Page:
The bilateral Social Security Agreement (SSA) between Australia and India is in effect from 1 January 2016.1 Under this SSA, signed by the two countries in November 2014, double coverage of pension contributions for seconded employees between Australia and India may be preventable.
Australia presently has 30 international social security agreements with other countries, with several more under negotiation. The Australia-India SSA is broadly similar to the SSAs which Australia has signed with other countries. This SSA applies to the Australian superannuation guarantee law requiring employers to make superannuation guarantee contributions for their employees. In relation to Indian law, this agreement applies to the relevant Indian social security and pension laws.2
The execution of the SSA between Australia and India is a welcome step which provides an opportunity for organisations to potentially eliminate duplicative costs as a result of double pension contributions for employees on international assignments who are covered under mandatory pension regimes in both Australia and India. In addition, the execution of the SSA between Australia and India provides social security protection for international assignees, such that they do not lose their social security benefits entitlement in their home country when they go to work in the other country.
Further, the possible exemption of superannuation contributions for an assignee from India to Australia, eliminates the need for departing Australia superannuation payment (DASP) to be claimed when the assignee departs Australia at the end of the assignment. This should simplify the administration of assignments from India to Australia.
Under the SSA, employees seconded by their employers in one country to work in the other country on temporary assignments, but who remain covered by their home country’s superannuation/pension legislation, should be exempt from superannuation/pension contribution legislation in the host country. This exemption from superannuation/pension contribution in the host country is available when the employee obtains a Certificate of Coverage (CoC) from the relevant authority in the home country.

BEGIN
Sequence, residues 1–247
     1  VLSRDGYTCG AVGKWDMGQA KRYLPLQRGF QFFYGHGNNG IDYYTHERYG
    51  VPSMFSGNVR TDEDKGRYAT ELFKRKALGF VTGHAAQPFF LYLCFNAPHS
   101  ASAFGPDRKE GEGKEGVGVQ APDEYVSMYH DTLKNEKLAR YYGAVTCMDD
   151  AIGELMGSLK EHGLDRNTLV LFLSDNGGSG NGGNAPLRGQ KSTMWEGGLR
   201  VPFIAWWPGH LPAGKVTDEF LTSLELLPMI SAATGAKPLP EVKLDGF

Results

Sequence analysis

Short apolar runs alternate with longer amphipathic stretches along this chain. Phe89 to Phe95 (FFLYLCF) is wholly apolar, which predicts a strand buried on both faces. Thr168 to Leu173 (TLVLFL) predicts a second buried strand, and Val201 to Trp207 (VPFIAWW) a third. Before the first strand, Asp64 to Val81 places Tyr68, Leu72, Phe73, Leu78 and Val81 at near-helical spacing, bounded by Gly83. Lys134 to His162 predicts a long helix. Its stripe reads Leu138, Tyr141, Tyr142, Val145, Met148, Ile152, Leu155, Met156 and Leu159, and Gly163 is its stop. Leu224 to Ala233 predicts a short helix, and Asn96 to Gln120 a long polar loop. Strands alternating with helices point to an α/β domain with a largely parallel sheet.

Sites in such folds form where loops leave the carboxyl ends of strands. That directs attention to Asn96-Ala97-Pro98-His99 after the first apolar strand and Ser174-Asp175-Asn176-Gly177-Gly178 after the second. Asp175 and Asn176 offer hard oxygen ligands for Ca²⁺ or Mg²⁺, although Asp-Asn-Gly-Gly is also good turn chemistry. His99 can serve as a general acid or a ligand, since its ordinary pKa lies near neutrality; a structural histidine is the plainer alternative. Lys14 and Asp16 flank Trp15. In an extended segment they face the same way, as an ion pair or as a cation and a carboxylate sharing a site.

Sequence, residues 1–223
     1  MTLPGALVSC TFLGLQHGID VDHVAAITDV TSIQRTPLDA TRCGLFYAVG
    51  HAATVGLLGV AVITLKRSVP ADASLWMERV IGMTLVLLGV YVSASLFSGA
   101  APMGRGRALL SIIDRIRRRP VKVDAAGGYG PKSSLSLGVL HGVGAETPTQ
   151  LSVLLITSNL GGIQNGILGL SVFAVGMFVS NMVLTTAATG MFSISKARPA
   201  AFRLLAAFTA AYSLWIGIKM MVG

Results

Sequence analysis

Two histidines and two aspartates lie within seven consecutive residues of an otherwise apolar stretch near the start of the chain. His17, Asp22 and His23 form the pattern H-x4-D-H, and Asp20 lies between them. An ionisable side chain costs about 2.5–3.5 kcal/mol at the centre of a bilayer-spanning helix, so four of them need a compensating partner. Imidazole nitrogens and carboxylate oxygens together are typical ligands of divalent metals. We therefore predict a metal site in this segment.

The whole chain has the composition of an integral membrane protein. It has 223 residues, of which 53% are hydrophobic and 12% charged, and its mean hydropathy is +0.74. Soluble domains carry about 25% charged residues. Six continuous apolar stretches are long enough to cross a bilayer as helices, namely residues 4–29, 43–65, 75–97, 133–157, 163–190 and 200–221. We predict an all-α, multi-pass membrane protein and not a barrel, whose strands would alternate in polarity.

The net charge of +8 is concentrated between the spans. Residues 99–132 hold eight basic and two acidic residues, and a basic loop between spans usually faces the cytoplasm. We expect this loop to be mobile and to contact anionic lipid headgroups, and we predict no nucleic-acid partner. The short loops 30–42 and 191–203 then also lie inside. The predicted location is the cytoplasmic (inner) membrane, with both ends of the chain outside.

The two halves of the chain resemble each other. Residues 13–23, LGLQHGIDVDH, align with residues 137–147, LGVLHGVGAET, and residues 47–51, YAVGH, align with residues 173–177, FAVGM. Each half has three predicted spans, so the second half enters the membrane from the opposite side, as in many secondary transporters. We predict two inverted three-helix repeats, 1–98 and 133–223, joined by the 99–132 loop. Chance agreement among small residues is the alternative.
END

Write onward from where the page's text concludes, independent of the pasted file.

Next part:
For example, the employer of an Australian employee sent to work in India on a temporary assignment can continue to make superannuation guarantee contributions in Australia and be exempt from making pension contributions in India for this employee. Similarly, the employer of an Indian employee sent to work temporarily in Australia, can continue to make pension contributions in India and there will be no requirement to make superannuation guarantee contributions in Australia on behalf of that employee, provided that a CoC is in place.
In addition, this exemption under the SSA also applies if the employee is first seconded to a third country and is subsequently seconded to Australia or India. To be clear, the exemption will only apply for the period the assignee is working in Australia or India.
Under certain conditions, a CoC, generally valid for a period of up to five years, can be obtained by employees on assignment between the two countries. If coverage is required for a period longer than five years, an extension of the CoC can be requested in writing and is subject to the approval of the relevant competent authorities. The written request should include the reasons why the seconded employment will exceed the five-year period.
The period of service rendered by an employee in both countries will be added together for the purpose of determining his or her eligibility requirements for the relevant pension benefits (e.g., Australian age pension, Indian old-age pension, survivors’ pension, and Permanent Total Disability pension), subject to certain conditions.
The benefits acquired under the legislation of one country will be exportable to the other country.
Steps to Consider Regarding Existing Australia-India Assignees and Future Ones
Companies should review their existing assignee population to determine whether they can avoid double pension contributions for their seconded employees between Australia and India by applying for a Certificate of Coverage. Companies should consider existing assignment policies, processes, and immigration obligations when applying for a CoC for those employees currently on assignment. We also recommend companies consider their contractual employment obligations prior to ceasing pension contributions for any existing assignments.
For future secondment arrangements between Australia and India, companies should review their existing assignment policies and processes so that double pension contributions across Australia and India are prevented, where appropriate.
1 For the “in force” announcement, the text of the agreement (in Hindi and English) and an “Information Sheet,” see the Web page of Australia’s Department of Social Services at:
2 As regards India, the Agreement applies to the Employees’ Provident Funds Scheme, 1952; Employees’ Pension Scheme, 1995; and Employees’ Deposit-Linked Insurance Scheme, 1976.
New South Wales and Australian Capital Territory
Andy Hutt (Tax)
Tel. +61 2 9335 8655
Michael Wall (Immigration)
Tel. +61 2 9335 8625
Victoria, South Australia, and Tasmania
Ben Travers (Tax)
Tel. +61 3 9288 5279
Jacqui Tucker (Tax)
Tel. +61 8 8236 3378
John Unger (Immigration)
Tel. +61 3 9288 5725
Ivan Hoe (Immigration)
Tel. +61 8 9263 7181
Dan Hodgson (Tax)
Tel. +61 8 9278 2053
Queensland and Northern Territory
Hayley Lock (Tax)
Tel. +61 7 3434 9176
Philip Duncan (Immigration)
Tel. +61 7 3434 9196
The information contained in this newsletter was submitted by the KPMG International member firm in Australia.
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